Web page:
Getting Through Security Faster with TSA PreCheck – Review and Report
Recently, I arrived at LaGuardia Airport and experienced an entirely new world of airport security. I left my shoes and belt on, my laptop remained in its case (I already had been doing a variation on this since I carry a Tumi checkpoint-friendly case), and I didn’t have to remove any liquids from my bag
I was experiencing the latest in airport security, TSA PreCheck.
Not too long ago, airports were barrier free. Anyone could stroll up to a gate and meet an arriving passenger, and no one asked you about the whereabouts of your luggage and packages. Minimal security arrangements were in place.
That all changed in the early 1970s. In December 1972, the Federal Aviation Administration began to require that all passengers and carry-on luggage be screened for possible weapons, effective at the beginning of 1973.
Today, almost everyone who flies is familiar with the ritual of removing one’s belt, shoes, laptop, jacket, and small bottles of liquid at a security checkpoint.
But there have been numerous complaints about airport security, so the Transportation Security Administration (TSA) has been making some subtle and not-so-subtle changes to its highly-criticized security procedures. One change is to focus less on travelers with profiles that indicate they are unlikely to be a great security risk, such as the most frequent fliers. (Other changes include less scrutiny for passengers 75 years of age and older, and 12 years of age or younger.)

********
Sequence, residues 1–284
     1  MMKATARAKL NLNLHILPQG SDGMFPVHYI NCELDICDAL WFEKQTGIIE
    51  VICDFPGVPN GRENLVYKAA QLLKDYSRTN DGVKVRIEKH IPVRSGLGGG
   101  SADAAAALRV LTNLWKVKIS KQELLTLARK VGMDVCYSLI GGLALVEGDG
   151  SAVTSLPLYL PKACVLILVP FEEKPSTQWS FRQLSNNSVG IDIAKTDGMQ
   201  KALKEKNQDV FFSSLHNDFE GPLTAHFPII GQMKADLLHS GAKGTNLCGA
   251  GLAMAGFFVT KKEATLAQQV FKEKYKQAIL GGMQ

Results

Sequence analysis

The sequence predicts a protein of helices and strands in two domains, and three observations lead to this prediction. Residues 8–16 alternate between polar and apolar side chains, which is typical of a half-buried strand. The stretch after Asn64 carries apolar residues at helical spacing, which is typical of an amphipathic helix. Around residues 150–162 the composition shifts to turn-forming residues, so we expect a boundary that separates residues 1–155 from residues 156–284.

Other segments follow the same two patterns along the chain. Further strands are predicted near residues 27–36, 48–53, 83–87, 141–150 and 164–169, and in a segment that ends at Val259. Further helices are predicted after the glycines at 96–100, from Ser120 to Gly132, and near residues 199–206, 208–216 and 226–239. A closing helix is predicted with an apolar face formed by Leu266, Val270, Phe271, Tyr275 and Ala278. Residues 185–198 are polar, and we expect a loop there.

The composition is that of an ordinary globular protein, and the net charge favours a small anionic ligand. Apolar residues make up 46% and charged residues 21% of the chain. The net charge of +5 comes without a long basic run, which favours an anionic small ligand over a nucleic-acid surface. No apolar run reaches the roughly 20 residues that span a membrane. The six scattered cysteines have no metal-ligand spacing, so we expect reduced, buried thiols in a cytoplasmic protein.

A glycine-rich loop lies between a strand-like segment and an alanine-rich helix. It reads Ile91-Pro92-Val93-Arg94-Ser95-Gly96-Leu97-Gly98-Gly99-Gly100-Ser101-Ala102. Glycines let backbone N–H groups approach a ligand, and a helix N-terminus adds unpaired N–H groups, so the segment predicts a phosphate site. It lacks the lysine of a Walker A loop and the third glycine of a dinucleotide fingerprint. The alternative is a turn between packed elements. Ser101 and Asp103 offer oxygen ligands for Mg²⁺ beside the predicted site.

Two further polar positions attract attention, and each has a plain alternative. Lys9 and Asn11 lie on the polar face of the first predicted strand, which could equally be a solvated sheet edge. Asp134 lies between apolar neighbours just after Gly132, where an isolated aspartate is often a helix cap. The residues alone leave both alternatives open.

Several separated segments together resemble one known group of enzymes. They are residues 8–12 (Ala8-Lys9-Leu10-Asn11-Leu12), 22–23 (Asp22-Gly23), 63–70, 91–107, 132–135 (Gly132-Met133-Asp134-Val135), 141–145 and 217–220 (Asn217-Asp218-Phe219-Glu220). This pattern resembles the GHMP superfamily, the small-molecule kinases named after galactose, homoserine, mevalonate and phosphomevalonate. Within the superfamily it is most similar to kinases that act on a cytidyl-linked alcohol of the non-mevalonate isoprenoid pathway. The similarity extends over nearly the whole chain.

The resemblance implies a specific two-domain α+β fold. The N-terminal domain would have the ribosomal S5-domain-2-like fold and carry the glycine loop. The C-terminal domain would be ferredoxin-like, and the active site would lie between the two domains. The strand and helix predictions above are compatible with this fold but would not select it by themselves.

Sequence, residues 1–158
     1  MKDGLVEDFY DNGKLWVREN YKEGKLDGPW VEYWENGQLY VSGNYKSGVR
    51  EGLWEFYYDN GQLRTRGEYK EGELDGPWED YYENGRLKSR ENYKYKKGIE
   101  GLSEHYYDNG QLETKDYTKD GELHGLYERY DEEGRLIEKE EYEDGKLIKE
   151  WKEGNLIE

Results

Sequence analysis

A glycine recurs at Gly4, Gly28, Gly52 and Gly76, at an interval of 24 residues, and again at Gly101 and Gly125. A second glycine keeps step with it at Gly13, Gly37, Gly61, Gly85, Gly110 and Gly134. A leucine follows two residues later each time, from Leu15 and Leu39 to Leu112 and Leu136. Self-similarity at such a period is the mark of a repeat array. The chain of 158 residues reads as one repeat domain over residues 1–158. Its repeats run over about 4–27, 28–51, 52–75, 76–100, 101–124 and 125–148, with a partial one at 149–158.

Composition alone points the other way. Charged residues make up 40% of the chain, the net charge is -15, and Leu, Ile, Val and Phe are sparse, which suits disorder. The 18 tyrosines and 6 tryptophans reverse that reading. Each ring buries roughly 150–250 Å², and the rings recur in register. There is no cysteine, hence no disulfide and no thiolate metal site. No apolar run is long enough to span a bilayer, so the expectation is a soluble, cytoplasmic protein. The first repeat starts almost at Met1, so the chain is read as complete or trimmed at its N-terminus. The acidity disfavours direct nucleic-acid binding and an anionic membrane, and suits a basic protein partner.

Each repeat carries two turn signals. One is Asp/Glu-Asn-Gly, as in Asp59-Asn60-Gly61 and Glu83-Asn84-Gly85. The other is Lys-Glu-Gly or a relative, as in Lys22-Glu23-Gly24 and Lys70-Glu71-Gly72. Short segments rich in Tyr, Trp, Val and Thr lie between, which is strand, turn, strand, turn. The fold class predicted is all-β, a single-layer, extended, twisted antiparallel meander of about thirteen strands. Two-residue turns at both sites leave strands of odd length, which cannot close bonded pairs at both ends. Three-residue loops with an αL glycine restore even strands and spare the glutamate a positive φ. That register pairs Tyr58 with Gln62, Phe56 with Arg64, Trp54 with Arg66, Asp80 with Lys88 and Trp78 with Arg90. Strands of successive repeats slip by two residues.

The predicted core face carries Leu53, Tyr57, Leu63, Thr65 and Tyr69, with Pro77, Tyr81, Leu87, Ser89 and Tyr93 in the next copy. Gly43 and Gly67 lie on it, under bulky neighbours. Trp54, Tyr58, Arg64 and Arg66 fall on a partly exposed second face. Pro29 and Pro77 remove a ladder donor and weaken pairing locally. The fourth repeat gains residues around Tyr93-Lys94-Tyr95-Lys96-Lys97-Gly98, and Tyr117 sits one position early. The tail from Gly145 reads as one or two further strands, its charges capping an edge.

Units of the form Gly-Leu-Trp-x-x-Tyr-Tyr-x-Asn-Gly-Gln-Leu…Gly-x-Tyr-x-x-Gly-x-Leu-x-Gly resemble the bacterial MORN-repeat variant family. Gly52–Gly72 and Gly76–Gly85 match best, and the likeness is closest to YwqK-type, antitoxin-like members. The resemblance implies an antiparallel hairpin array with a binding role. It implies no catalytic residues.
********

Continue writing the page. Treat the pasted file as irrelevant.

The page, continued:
To do this, the TSA worked with two airlines, American and Delta, to invite their top-tier fliers to opt in for the PreCheck trusted traveler program. The TSA determines eligibility based on past flying patterns and other factors including citizenship (only U.S. citizens are eligible) and destination (typically, PreCheck is limited to domestic itineraries). Children 12 years of age and under can accompany eligible (older) passengers through PreCheck.
For fliers who didn’t receive an invitation from their airline, an alternate point of entry was to be a member of trusted traveler programs such as Global Entry, Sentri, or Nexus, which are run by U.S. Customs and Border Protection.
Last year I received invitations to participate from American and Delta, which I accepted. I’ve also been a member of Global Entry for several years. However, until last month, I hadn’t yet flown out of the right airport on the right airline.
This is important because not every participating airline has PreCheck at every airport. For example, Delta has PreCheck lanes at LaGuardia, but not at JFK, the airport I fly out of most often.
Click here to continue to Page 2 – Using PreCheck
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